“In general, our country can produce most basic food items, except those that can only be produced in temperate countries. But the biggest challenge is that we currently do not have a favourable ecosystem to productively produce basic food items.
“To ensure the supply of quality and safe food at affordable prices, investment in food production should not only be evaluated in terms of private benefits but also social returns and the country’s security. This requires an ecosystem and a mix between food policy, smart technology and entrepreneurship,” says Universiti Putra Malaysia’s Nasir.
He adds that to boost investment in food production, the private sector must be incentivised — the return on investment in food production should be at least comparable to that of industrial crops and other sectors of the economy.
“In addition, the government needs to implement land-use policy to enhance food security through the setting aside of agricultural land and aquatic and other natural resources for food production and other sources of nutrition,” says Nasir.
As for the lack of agricultural system technology application in farm practices, he says there should be incentives for investment, research and adoption in agricultural system technology.
“Examples of this technology are mechanisation, soil and water sensors, weather tracking, satellite imaging, automation, vertical agriculture, artificial intelligence, nanotechnology, agricultural GPS technology, robotics and precision agriculture.
“In addition to producing basic food items, Malaysia should consider high-value farming to produce roselle, figs, pineapple, papaya, banana, jackfruit and vegetables, among others. This farming must be complemented by supportive policies and smart farming technology and, more importantly, must be carried out by entrepreneurs,” Nasir says.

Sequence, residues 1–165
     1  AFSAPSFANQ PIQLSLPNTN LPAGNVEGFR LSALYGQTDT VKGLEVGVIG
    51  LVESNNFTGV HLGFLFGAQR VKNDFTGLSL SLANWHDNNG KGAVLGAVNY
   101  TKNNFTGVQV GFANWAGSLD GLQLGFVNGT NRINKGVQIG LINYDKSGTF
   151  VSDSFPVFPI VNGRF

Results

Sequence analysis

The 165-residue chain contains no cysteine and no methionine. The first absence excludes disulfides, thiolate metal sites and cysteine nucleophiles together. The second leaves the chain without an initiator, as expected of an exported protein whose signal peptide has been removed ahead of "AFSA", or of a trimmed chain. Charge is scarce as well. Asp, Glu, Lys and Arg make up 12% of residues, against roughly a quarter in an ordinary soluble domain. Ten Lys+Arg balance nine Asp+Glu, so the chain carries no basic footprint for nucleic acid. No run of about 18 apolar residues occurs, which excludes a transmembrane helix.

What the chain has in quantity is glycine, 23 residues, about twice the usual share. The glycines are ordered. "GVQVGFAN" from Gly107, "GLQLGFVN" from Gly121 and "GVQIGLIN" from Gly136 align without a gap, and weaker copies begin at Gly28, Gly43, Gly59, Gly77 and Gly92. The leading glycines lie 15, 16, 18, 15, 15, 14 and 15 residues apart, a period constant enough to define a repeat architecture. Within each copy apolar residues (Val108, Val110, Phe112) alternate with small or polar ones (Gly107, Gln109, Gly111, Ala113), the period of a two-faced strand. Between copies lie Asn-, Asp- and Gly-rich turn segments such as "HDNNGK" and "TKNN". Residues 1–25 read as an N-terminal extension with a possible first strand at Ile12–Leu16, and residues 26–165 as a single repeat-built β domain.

The government has announced an allocation of RM1 billion to a Food Security Fund to ensure that there is sufficient supply of food in the country amid the Covid-19 pandemic. In the larger scheme of things, the appointment of the members of the National Agricultural Advisory Council by the Ministry of Agriculture on June 25 is one of the government’s efforts to address issues on food security as well as the agriculture and agri-food industry.
While the committee is expected to play a more technical advisory role, policymaking would still be the task of the cabinet committee on food security, comprising 11 ministers and headed by Prime Minister Tan Sri Muhyiddin Yassin, which is expected to hold its first meeting this month.
It is hoped that the meeting will come up with a win-win solution, one that will boost Malaysia’s position in any food security index to one that actually reflects an effective and efficient use of resources in its agriculture sector, especially in agri-food.